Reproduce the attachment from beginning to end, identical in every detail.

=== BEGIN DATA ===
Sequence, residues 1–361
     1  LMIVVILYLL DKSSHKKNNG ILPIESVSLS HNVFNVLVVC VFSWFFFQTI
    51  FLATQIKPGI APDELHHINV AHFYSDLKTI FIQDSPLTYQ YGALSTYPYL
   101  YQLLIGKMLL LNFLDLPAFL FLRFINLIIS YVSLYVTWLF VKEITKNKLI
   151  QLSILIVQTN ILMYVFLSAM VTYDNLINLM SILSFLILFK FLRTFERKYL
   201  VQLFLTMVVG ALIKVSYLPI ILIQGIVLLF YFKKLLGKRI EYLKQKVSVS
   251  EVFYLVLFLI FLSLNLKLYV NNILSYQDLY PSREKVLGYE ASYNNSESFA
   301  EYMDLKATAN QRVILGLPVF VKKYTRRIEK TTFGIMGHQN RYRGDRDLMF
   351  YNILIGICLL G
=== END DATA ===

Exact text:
Sequence, residues 1–361
     1  LMIVVILYLL DKSSHKKNNG ILPIESVSLS HNVFNVLVVC VFSWFFFQTI
    51  FLATQIKPGI APDELHHINV AHFYSDLKTI FIQDSPLTYQ YGALSTYPYL
   101  YQLLIGKMLL LNFLDLPAFL FLRFINLIIS YVSLYVTWLF VKEITKNKLI
   151  QLSILIVQTN ILMYVFLSAM VTYDNLINLM SILSFLILFK FLRTFERKYL
   201  VQLFLTMVVG ALIKVSYLPI ILIQGIVLLF YFKKLLGKRI EYLKQKVSVS
   251  EVFYLVLFLI FLSLNLKLYV NNILSYQDLY PSREKVLGYE ASYNNSESFA
   301  EYMDLKATAN QRVILGLPVF VKKYTRRIEK TTFGIMGHQN RYRGDRDLMF
   351  YNILIGICLL G